Hyper-Eosinophilic Syndrome and Partial Duplication of Chromosome 21
Monday, March 5, 2018
South Hall A2 (Convention Center)
Dikla Adir, MD, Shira Benor, Dror Levin, David Hagin, MD
RATIONALE: Hyper-Eosinophilic Syndrome (HES) represents a heterogeneous group of conditions and can be either idiopathic or secondary to variety of underlying causes. We present a novel etiology for severe hypereosinophilia in a pediatric patient.

METHODS: An 8y/o boy presented with fever, gastrointestinal symptoms, worsening of background asthma and an absolute eosinophil count of ~40,000. Screening for end-organ damage was negative and he was treated empirically for a possible helminth infection. The patient responded well to corticosteroids but eosinophil counts rose upon prednisone taper. Bone-marrow (BM) biopsy was normal except for significantly increased eosinophils. TCR repertoire and screening for associated genetic abnormalities (BCR-ABL1, FIP1L1-PDGFRA, PDGFRB rearrangement) was negative. Despite normal karyotype, cytogenetic studies were performed in search for chromosomal aberrations.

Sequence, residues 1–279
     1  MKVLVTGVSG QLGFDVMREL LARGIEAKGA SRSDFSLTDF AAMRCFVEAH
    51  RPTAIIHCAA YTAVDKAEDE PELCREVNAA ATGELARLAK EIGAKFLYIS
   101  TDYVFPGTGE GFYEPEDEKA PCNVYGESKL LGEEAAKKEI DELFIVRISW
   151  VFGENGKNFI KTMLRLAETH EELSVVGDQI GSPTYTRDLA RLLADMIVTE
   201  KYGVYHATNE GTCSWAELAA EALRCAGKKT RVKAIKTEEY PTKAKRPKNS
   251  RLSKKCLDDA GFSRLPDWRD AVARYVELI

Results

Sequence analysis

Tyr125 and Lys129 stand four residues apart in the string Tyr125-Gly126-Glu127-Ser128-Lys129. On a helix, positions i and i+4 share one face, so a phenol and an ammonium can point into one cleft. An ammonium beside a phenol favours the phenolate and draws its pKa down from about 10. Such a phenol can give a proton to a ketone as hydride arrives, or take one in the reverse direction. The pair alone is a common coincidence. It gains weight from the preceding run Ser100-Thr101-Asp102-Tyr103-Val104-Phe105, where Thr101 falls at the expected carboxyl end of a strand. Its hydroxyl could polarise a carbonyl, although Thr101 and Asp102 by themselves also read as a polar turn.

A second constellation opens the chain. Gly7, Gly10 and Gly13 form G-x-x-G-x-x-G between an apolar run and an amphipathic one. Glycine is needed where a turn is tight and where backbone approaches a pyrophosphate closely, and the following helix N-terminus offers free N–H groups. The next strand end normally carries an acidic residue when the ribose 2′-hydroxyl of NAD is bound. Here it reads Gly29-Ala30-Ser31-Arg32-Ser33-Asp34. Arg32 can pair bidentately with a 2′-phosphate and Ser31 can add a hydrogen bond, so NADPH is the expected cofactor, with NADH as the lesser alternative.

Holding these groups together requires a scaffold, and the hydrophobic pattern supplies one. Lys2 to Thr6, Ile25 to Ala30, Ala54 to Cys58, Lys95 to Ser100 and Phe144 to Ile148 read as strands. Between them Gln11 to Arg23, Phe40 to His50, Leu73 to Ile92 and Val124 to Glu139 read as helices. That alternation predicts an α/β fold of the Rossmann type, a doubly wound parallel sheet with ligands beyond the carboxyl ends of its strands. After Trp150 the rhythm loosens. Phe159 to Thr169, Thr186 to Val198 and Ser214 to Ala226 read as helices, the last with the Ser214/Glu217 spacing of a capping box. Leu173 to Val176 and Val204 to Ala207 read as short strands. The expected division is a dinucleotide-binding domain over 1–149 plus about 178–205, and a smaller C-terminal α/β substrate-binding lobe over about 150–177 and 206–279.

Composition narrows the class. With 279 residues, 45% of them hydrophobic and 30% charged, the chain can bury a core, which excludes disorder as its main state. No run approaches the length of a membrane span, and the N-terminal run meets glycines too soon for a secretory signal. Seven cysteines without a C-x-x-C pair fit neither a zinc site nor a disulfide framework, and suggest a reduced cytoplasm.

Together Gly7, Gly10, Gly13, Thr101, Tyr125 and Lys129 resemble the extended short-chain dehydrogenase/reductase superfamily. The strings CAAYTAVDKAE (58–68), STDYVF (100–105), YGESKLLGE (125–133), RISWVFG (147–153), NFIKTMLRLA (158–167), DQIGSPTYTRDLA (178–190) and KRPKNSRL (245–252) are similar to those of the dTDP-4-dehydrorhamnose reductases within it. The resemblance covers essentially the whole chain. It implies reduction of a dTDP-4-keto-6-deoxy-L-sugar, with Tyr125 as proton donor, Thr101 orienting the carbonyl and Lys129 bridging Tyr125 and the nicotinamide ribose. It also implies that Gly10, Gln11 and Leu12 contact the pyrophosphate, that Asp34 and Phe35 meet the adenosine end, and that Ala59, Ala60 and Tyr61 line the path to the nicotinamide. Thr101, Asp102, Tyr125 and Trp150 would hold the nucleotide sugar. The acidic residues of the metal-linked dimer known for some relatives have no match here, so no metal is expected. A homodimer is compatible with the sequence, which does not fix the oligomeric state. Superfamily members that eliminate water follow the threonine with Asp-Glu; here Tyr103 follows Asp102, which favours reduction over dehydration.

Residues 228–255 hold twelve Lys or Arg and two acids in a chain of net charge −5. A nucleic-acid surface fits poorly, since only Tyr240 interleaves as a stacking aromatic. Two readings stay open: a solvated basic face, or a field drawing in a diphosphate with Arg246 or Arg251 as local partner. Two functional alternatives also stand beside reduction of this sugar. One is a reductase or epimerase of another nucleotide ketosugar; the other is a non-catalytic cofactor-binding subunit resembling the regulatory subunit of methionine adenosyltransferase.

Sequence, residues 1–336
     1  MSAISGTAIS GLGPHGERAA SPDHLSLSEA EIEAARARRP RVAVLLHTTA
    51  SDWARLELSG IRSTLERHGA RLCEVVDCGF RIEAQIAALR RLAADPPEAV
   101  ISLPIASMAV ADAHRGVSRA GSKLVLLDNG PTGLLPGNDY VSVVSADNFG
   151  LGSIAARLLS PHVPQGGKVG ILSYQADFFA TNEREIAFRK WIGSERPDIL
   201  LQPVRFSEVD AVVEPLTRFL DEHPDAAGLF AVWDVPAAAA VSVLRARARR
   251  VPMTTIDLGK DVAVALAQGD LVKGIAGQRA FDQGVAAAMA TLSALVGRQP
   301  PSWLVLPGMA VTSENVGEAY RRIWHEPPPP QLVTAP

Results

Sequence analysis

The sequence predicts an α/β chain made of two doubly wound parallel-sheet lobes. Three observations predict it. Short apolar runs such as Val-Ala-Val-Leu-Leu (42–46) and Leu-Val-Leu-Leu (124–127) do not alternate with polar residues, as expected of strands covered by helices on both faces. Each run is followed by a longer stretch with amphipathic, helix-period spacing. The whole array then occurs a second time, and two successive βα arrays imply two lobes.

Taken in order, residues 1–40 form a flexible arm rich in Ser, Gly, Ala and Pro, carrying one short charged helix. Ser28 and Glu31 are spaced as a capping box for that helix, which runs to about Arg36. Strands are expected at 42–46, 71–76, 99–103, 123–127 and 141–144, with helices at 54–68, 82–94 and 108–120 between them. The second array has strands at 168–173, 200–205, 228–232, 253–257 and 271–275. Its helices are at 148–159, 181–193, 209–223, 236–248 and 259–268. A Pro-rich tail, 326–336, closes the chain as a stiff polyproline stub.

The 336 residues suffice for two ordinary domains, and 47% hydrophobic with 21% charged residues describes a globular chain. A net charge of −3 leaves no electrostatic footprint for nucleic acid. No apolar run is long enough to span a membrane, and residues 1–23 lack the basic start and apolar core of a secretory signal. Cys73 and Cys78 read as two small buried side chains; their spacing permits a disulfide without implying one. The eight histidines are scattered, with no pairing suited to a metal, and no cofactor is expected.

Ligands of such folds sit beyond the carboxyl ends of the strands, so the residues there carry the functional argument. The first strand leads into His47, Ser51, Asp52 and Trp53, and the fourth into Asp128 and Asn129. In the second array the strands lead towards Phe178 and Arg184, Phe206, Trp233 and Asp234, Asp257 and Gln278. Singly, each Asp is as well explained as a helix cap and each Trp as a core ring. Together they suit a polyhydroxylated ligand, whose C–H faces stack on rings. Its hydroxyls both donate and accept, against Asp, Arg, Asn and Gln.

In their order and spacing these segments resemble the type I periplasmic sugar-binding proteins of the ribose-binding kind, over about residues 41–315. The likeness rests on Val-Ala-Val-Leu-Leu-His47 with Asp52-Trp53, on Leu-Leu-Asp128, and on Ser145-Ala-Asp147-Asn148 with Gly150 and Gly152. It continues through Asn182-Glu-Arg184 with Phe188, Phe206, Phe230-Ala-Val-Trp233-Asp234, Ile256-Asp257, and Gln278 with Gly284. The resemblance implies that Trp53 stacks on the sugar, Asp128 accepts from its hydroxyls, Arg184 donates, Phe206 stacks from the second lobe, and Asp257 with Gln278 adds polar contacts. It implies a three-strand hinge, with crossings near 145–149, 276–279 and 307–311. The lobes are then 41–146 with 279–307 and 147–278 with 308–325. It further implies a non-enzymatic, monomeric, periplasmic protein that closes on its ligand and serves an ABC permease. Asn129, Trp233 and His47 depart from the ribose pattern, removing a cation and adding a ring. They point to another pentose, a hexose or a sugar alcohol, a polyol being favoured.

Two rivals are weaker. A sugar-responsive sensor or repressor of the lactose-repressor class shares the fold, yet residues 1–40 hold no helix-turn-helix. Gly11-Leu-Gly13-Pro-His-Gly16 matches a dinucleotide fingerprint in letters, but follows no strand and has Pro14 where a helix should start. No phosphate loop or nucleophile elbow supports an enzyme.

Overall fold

RESULTS: FISH studies using probes to detect AML/ALL associated translocations, revealed a triple signal of the chromosome 21 probe in 20% of BM cells. The probe staining pattern, with close proximity of 2 of the 3 hybridization signals, suggested a partial duplication of chromosome 21. The percent of triple-21-probe cells did not correlate with 50% eosinophils in BM and FISH of skin fibroblasts or peripheral blood. Taken together, these findings support a somatic variation, possibly in a non-eosinophilic cell lineage. Interestingly, the probe used was complementary to RUNX1 (AML1), a transcription factor involved in differentiation of hematopoietic stem cells into myeloid and lymphoid lines.


RUNX1 copy number variance might drive eosinophil proliferation and cytogenetic studies should be considered in the evaluation of HES.